January 18, 2015 § Leave a comment
Bletchley Park has become mythologised in the history of the wartime home front as virtually a sacred grove, with its genius, Alan Turing, as the high priest of the Enigma Machine and its cause (breaking enemy codes) served by dedicated handmaidens. From 1941, of the 8,000 employed at Bletchley, 75% were women. Fifteen of these civilian personnel at Bletchley, now in their nineties, have been interviewed by Tessa Dunlop who covers a broad range of activity from Oxbridge graduates who crunched numbers to ATS girls who cooked and cleaned. For all the nostalgic perception that life at Bletchley was much like a gritty spy novel by John Le Carré rewritten as a giddy romance by Nancy Mitford, elite veterans such as Lady Jean, Pam, Rozanne, Muriel, Doris, Georgette, Joanna, Kathleen, Charlotte and Ann are candid about the hardships and heartaches of their secret wartime work and its knock-on effects in their peacetime lives.
To become the kingpin black box office Hollywood star who was paid $4m in 1983 to play a comic role in Superman III, Richard Pryor first had to work his way from a bruising upbringing in his grandmother’s Peoria, Illinois brothel and childhood abuse by his father, through a stretch in the army, apprentice stand-up days in the underground culture of Greenwich Village, the inspiration he took from the black freedom movement, and at last to high-ranking status in the ‘New Hollywood’ of the 1970s where the comic genius of the persona known as Richard Pryor was sanitised and packaged for the world. Scott Saul concentrates on Pryor’s early years, the edgy ‘becoming’ stages of his life before the legend was set in polished stone. Saul’s excitement about the creative development of Pryor’s career in step with the critical American social issues of his lifetime fuel-injects this hot-rod biography.
Dr. Roper is looking at a young woman in a hospital bed hugging a large pink teddy bear. He doesn’t think “cute, an Instagram moment”; his snap diagnosis is “conversion disorder, pain, dysfunctional family situation, possible childhood sexual abuse.” Pink Teddy is the red alert, an instinctive trigger in the mind of neurologist Allan Roper. His notes of encounters over the years with colleagues and patients at Brigham Hospital in Boston have been sparked into lively life by writer Brian Burrell as stories through which we can listen to the brain itself. There’s an element of playfulness in the short bite case studies of madness interpreted not only through hard medical knowledge but through soft intuitive reasoning. Memorably, one sure way to test for hysterical blindness is to wave a hundred dollar bill in front of the patient’s eyes. They will flicker. It gets the attention that a dollar bill doesn’t.
January 11, 2015 § Leave a comment
Margaret Atwood’s familiar dry, bemused, laconic tone pervades this extended version of the Empson Lectures she gave at Cambridge University for the year 2000. First published in 2002 as ‘Negotiating with the Dead: A Writer on Writing’, this paperback edition is less a handbook about how to write than a guide to what a writer of fiction and poetry may be or become. For starters, she could be a teenage girl in 1950s Canada “without a soul in sight who shared my view of what I should, could or ought to be doing.” How Margaret Atwood got from then to now, is her subject. A writer is a role-player, both to her readers and herself, she says; a duplicitous doppelganger, a self-dedicated priestess of the imagination, a literary go-between, a collector of stories from the underworld. In this book that asks more questions than answers them, she wears the literary motley like a seasoned trouper.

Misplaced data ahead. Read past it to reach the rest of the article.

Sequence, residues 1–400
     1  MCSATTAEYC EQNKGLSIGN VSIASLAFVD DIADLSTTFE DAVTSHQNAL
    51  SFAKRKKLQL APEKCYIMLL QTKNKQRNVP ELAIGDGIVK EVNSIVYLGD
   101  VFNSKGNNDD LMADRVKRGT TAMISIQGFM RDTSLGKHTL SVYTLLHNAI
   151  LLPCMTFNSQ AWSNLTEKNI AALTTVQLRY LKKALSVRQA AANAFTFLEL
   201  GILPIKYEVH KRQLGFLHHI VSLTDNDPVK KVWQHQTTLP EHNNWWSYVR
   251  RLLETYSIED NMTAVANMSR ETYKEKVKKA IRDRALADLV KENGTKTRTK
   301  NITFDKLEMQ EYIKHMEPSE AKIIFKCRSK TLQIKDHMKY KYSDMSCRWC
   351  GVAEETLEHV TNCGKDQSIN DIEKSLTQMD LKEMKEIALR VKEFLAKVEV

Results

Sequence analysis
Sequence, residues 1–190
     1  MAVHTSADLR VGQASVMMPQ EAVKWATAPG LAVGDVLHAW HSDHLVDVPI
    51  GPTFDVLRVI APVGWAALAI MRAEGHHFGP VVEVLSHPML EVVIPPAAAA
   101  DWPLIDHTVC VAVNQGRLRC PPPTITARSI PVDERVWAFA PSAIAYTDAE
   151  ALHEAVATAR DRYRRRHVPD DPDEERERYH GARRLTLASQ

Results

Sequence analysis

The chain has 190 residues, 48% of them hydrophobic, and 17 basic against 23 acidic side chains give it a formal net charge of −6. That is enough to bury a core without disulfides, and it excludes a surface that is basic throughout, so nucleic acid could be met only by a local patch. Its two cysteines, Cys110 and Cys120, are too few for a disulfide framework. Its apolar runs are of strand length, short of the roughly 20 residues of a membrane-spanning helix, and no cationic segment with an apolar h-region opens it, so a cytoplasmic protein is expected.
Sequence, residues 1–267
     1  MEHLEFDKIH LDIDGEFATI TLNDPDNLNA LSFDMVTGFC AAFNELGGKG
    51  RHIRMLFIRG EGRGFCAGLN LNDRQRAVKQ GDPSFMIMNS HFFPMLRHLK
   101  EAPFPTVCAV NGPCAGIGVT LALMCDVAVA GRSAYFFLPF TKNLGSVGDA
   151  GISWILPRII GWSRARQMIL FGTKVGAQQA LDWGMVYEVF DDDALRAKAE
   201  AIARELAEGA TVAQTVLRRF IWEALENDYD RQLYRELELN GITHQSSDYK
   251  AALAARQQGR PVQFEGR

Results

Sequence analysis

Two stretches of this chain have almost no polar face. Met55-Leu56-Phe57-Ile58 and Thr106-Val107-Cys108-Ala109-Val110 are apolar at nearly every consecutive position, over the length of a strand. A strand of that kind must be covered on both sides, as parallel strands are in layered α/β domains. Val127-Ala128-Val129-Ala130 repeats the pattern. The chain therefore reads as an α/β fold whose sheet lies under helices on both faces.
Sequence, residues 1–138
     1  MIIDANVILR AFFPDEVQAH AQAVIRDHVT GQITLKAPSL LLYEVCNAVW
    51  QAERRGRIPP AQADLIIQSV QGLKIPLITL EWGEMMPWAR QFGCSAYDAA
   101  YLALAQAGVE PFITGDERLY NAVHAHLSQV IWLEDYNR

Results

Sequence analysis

In 1942, on the run from San Quentin where he’d been banged up for armed robbery, twenty-two year old Jim Quillen was picked up and sent to Alcatraz, the iconic prison in San Francisco Bay where he served ten years. He was there in early May 1946 during the bloody two-day stand-off between inmates and guards known as ‘The Battle of Alcatraz’, a riot sparked by an attempted breakout, fuelled by anger and frustration at harsh conditions and unforgiving treatment. His rugged story tells of hard times in a penitentiary system officially designed to keep society safe from criminals, but in practice a tool to “degrade, deprive, humiliate and break inmates: spiritually, mentally and physically.” In Alcatraz, Quillan “learned that law and authority do not always work hand in hand with righteous justice.” This memoir was published in 1991, seven years before he died in 1998, a free and fully rehabilitated citizen.
The noise that Metallica made may never die, but the old rockers themselves – James Hetfield, Lars Ulrich, Kirk Hammett and Robert Trujillo – are fading away. That’s the impression given in this second volume of Metallica biography by Brannigan and Winwood who perceive the San Francisco metal band, if only on the evidence of their fans’ nostalgia, as melted down now into a brand. From the innovative ‘Black’ album in 1991 through the revivalist ‘Load/Reload’ albums and finishing with the controversial ‘St. Anger’ and the Lulu’ set with Lou Reed, they seem to think that their, and the band’s, work is done. If so, this authentic narrative of late Metallica will survive as markedly as their music, because few testimonies to the psychopathy of rock bands have been as witty, literate and loving as this. Read it and roll to the toll of the bell that rings for one of the greatest, heaviest rock bands.